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Will Gov. Nixon Veto the 72-Hour Abortion Waiting Period in Missouri?

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Governor Nixon has 45 days to veto the bill, or else it goes into law.
Planned Parenthood, Missouri's only abortion provider, is asking Governor Jay Nixon to veto a bill passed by the Missouri Legislature that would force women to wait three days before having an abortion.

Women already jump through several hoops to obtain an abortion in Missouri, where the only legal clinic is a Planned Parenthood in St. Louis' Central West End. State law requires women to receive counseling information, sign a consent form declaring their decision to end the pregnancy is free and voluntary, have two health-center appointments and then wait another 24 hours.

See previous: Missouri Senate Passes 72-Hour Waiting Period for Abortions

"This bill is further intrusion of politicians into Missourians' personal lives," says Cecile Richards, president of Planned Parenthood Action Fund. "Governor Nixon must veto this bill and stand firmly with a woman's right to make her own private medical decisions, including the decision of whether to have an abortion, in consultation with her doctor."

Waiting periods before abortions force women to go further into unwanted pregnancies, increasing the risk of unnecessary complications, Planned Parenthood says. Longer waiting periods also make getting an abortion more complicated for women who have to take time off work or arrange childcare to travel to Missouri's only abortion clinic.

Only Utah and South Dakota require women to wait 72 hours.

One Utah couple, Richard and Chantelle Kendall, say the state's mandated delay turned their already-difficult decision to choose abortion into a nightmare. The couple learned at nineteen weeks that their baby would not survive after it was born.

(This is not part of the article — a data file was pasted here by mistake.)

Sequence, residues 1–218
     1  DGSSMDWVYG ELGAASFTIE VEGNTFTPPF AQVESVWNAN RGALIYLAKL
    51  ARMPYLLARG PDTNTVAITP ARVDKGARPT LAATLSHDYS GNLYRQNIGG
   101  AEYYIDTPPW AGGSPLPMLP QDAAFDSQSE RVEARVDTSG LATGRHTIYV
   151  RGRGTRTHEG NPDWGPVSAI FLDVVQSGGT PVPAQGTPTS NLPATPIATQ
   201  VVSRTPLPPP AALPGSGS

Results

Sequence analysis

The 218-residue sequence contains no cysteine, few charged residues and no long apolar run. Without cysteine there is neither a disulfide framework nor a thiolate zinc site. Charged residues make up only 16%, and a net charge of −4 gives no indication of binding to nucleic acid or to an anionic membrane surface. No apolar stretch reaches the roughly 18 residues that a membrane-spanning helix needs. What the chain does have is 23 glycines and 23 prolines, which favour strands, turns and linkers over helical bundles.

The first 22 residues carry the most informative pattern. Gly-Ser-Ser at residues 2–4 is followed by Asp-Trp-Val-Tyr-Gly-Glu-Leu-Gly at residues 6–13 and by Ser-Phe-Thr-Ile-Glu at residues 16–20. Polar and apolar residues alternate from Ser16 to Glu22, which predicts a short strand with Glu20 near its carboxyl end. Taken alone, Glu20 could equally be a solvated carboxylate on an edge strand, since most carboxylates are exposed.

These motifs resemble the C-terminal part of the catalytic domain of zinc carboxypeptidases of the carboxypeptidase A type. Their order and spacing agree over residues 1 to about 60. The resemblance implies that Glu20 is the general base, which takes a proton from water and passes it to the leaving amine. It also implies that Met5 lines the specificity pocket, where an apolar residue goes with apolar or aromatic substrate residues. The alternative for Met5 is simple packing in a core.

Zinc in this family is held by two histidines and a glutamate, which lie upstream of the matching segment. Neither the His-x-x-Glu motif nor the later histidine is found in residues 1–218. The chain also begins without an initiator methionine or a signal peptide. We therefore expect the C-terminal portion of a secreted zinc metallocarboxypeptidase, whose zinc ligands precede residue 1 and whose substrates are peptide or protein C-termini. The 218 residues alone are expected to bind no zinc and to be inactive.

"Because of Utah's 72-hour mandatory delay, I had to wait a week, being pregnant, feeling this baby kick," Chantelle says. "It was such a nightmare. There's nothing that comes close to that kind of pain."

See also: 72 Hours Later: How a Mizzou Student Turned Waiting into an Abortion Rights Protest

Nixon has 45 days to veto the bill, but it's unclear if he'll do so. In 2010 and 2011, he allowed two abortion restriction bills to become law by neither vetoing nor signing them, a middle-of-the-road approach that pro-choice activists call "mixed-choice."

Nixon has vetoed legislation that would allow businesses to refuse to offer contraception insurance coverage for religious or moral reasons.

Nixon offered a hint about the possibility of a veto at a press conference this week:

"I've had pretty consistent positions on this. I think everyone knows, obviously, which way I lean on it," Nixon said, according to the Associated Press.

The waiting period bill is only one of more than 30 bills that restrict women's health rights. House Bill 1430 would allow medical staff to refuse health care to women, including denying sexual-assault victims access to emergency contraception. House Bill 1192 requires that both parents be notified before a teen can access abortion services. House Bill 2206 makes it illegal for a doctor to provide an abortion without notarized permission from the woman's partner, even if he is abusive.

"Politicians in Jefferson City have introduced more than 30 bills hostile to women's health this session, and every step of the way, women and men in this state have been organizing to make it crystal clear that politicians should not be involved in a woman's personal medical decision about her pregnancy," says Ron Ellifrits, interim president and CEO of Planned Parenthood Advocates of Kansas and Mid-Missouri.

"Planned Parenthood's supporters across the state are counting on Governor Nixon to push back against the legislature's extreme and intrusive agenda to undermine women's health, and we'll continue to make our voices heard."

Follow Lindsay Toler on Twitter at @StLouisLindsay. E-mail the author at Lindsay.Toler@RiverfrontTimes.com.



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